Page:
PENCE: You bet.
VAN SUSTEREN: ... and I guess it happens all the time, but the spotlight is on it -- you have 177 Republican members of Congress who represent lots of citizens, and they have virtually no voice in this behind the closed -- like, we -- we sent to Congress to -- whether you're minority or majority, to fight for us, and you're excluded from the fight when it's done behind closed doors after the fact.
PENCE: Yes. You know what? One of the things I love to do here on - - at the Capitol is to give tours to the 8th-grade classes that come streaming in from Indiana every spring. And you know, because 8th-graders have finished their -- they're typically finished their government and civics course. And they're expecting the government the way you just described it. Most Americans expect a give and take, an open, transparent process, where ideas are vetted, we call the votes, the majority wins, but that's not what's happened here.
And to be doing this on a bill that not only will affect I think one sixth of the economy, but 100 percent of the American people for generations to come is really unconscionable.
But you know, the process is what it is. They're going to bring out what we believe is going to be a massive new version of their government- run insurance, and Republicans are going to be ready not only with our solutions, but we're going to be ready to be -- to be in the fight on behalf of Americans who want to preserve the insurance that they have, especially seniors. They want to preserve that Medicare Advantage program. I mean, 10 million seniors could stand to lose Medicare Advantage if the some $160 billion in cuts to Medicare Advantage and end up being a part of this bill.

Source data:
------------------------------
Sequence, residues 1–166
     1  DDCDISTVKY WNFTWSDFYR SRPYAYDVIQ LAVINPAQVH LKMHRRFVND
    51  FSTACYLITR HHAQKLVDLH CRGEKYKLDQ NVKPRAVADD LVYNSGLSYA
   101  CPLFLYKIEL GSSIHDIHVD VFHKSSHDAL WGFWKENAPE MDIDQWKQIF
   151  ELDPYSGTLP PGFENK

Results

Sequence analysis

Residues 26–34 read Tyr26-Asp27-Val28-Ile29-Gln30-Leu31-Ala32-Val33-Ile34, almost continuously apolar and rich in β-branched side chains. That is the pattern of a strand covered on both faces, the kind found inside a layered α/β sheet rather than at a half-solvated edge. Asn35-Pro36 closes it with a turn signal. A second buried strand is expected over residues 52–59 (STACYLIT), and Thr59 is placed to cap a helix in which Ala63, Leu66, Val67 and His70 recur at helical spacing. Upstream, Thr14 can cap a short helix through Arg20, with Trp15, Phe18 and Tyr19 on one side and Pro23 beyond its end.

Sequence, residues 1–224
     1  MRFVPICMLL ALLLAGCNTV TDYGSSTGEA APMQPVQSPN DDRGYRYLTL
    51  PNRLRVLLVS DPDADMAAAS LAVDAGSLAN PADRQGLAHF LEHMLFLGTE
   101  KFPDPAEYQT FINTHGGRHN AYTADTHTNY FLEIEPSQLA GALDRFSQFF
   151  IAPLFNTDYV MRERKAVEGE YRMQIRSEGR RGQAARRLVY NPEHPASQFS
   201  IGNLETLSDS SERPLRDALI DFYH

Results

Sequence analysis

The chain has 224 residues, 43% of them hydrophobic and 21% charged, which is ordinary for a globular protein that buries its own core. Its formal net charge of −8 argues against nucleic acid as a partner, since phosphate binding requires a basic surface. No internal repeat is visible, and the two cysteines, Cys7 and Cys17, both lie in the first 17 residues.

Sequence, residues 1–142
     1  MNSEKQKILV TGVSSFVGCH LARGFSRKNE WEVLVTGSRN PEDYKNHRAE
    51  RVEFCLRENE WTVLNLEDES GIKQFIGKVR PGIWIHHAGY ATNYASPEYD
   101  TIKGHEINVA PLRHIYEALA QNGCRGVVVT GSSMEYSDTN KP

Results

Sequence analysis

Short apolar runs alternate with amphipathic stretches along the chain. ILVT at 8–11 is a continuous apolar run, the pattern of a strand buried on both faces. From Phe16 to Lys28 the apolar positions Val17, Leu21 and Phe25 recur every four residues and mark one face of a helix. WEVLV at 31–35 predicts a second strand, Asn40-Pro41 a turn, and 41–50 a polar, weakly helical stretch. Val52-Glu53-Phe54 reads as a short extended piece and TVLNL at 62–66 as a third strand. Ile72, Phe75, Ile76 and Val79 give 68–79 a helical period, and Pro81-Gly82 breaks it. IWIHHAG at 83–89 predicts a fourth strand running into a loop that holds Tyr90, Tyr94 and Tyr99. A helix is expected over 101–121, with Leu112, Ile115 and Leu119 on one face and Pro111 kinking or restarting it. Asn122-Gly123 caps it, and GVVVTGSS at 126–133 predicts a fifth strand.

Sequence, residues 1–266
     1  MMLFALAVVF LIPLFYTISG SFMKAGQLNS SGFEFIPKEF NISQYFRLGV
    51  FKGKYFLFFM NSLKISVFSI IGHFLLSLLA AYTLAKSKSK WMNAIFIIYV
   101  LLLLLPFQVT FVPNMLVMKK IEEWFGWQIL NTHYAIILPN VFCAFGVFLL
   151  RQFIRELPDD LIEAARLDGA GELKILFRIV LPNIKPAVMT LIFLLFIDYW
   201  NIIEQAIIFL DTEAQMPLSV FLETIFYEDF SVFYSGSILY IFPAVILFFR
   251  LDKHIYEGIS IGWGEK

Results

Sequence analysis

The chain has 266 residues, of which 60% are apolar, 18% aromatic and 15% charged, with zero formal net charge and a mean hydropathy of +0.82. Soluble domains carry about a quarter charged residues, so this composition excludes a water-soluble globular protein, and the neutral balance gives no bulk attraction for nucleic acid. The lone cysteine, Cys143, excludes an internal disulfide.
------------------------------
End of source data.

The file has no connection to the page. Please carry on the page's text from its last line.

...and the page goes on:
So we'll be in the fight. We'll be bringing solutions. But you're right, this is absolutely no way to run a railroad when it comes to legislation of this import.
VAN SUSTEREN: And I guess you say, I mean, this is the way the system is done. It's the way it has always been done. But I guess my sort of thought is, Stop it! You know, that -- you know, you -- that the Congress and the president and the Senate, you promised -- you know, everyone promises transparency, and the statement that this is how the Republicans did it when they were in the majority or whatever -- it just -- you know, that isn't a good excuse to the rest of America. You know, people want you just to stop it! You know, we really want to know what's being debated and what's being decided.
PENCE: Well, to be honest with you -- you know, and I -- the last -- the first six years of this decade, I was in the Republican majority. I spent a few pretty long nights fighting members of my own party on big spending bills, and I wasn't always happy with the process at the time.
But to be honest with you, Greta, I don't ever remember legislation of this magnitude in the nine years I've been in Congress -- I don't ever remember legislation of this magnitude going subterranean and being completely rewritten, and then emerging in a flash with just a matter of days to consider it. You know, I would defer to historians, but I don't recall this happening under previous Republican or the -- or Democrat Congresses. This is new, and the fact that this will affect 100 percent of the American people in our health care choices, in the relationship between our doctor and patient, is just deeply troubling.
VAN SUSTEREN: Congressman, thank you, sir.
PENCE: You bet, Greta.